MadSci Network: Zoology

Re: Can Snails Learn From Their Mistakes?

Date: Wed May 3 12:10:03 2006
Posted By: dave armstrong, Faculty, Biology, Cricklade college
Area of science: Zoology
ID: 1144686180.Zo

Dear Melanie,
     The African Land Snail (Achatina fulica, or one of its many cousins 
found throughout tropical forest areas) is probably your snail as it is one of 
the most invasive, and introduced, snails. As well as being a splendid pet, 
it is also excellent to eat or as a spreader of several diseases and zoonoses  
(animal-to-human pathogen). Like many land snails it is prone to fall because 
of the shell's weight.
    All Pulmonate (lunged) Gastropods have habituation responses in which they
fail to react to regular stimuli. The shelled species retract into their 
shells and either drop or use suction to hold on. Instead of losing suction, 
your friends could be reacting to a change in light or noise background or a 
vibration. Perhaps you should study to see if new recruits to your cage drop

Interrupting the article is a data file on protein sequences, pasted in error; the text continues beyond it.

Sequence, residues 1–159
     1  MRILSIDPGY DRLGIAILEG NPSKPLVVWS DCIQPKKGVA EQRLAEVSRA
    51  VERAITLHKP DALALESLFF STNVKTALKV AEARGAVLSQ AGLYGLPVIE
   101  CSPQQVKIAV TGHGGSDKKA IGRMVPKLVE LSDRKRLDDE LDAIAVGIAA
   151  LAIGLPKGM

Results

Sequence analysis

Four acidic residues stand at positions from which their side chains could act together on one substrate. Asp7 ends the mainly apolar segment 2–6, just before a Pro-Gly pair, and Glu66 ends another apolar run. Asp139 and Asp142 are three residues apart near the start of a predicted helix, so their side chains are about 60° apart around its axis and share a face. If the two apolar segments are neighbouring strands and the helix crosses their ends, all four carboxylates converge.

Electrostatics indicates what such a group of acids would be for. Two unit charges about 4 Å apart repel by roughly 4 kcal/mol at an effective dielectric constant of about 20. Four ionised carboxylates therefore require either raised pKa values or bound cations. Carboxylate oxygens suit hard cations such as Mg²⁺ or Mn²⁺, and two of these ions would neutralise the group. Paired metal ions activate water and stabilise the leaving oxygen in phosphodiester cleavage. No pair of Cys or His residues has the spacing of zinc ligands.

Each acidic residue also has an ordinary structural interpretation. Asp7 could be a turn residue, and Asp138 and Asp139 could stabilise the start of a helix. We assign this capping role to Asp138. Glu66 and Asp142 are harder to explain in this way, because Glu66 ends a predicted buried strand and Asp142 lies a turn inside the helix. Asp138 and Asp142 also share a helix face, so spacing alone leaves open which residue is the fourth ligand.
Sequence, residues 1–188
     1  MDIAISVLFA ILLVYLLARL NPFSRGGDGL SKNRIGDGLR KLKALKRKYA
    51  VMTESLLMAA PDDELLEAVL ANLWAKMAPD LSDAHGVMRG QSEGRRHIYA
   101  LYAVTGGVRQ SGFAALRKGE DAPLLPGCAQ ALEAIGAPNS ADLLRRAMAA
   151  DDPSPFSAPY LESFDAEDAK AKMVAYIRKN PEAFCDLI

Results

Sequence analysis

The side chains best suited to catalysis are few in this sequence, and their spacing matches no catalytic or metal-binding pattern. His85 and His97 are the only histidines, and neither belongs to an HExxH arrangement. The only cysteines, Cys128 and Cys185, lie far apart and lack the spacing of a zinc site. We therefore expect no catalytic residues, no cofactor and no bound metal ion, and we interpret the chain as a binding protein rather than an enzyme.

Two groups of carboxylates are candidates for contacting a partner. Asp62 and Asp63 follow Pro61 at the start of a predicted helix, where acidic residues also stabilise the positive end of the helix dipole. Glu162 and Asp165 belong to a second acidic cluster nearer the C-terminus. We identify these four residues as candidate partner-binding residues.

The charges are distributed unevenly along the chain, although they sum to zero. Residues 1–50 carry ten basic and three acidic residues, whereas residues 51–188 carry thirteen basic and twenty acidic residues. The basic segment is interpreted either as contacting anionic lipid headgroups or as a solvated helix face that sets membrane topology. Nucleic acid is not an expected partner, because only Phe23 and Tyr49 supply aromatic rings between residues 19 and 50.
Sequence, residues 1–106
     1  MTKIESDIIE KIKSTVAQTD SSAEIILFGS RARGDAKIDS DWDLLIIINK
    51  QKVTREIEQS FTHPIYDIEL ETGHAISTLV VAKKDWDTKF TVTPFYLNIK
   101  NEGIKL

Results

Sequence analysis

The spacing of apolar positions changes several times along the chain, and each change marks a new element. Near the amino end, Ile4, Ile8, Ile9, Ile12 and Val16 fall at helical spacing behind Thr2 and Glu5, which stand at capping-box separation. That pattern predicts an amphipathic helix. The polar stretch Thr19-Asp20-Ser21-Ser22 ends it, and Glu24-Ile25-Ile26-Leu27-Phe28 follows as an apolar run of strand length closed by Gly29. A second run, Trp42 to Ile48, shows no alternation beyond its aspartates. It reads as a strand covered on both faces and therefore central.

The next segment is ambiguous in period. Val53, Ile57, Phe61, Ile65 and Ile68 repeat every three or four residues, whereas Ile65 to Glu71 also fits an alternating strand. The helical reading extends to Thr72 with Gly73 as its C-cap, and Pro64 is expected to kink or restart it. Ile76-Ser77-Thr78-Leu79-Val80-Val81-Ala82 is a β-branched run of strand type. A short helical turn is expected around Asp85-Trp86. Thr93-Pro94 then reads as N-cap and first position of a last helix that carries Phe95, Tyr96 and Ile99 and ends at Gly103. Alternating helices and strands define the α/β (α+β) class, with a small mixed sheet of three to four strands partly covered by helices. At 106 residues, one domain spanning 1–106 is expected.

more often than the longest serving members. Most related snails seem to have a
homing system that returns them to their exact shell location that they 
left before feeding. This too would affect whether they climb regularly to the 
warmth and dampness of a lid nd adjust to sleeping there.
    My advice would be to experiment on disorientation with a strange tank or 
area to see if they can settle down in a new environment within a day. If they 
are like garden slugs or limpets, they will find it difficult to travel in
straight lines to a suitable environment area. Disorientation like this can be
the death of many garden pests if they are slung onto a path area. Learning
however, would be hinted at if you return them to their tank and they resume the 
positions in which you would normally expect them to appear. Some snails can
travel 1.5 metres at least before returning to their homes every night. If you
marked their shells with different coloured pens, the results would be obvious
to their owners but the cause of discourteous comment from less conchophile
members of the human community. The only problem with the experiment is that it
doesn't prove learning has raken place. The snails, rather like the pheromonic
ants, could simply be following a chemokinetic route in their slime or even more
simply looking for the most favourable conditions. People have struggled for a
century now to research these common habits, but learning can only be proved
with associative or conditioned learning. This has been done with one or two
species of water snail which remembered the information for four days before
forgetting all about it!

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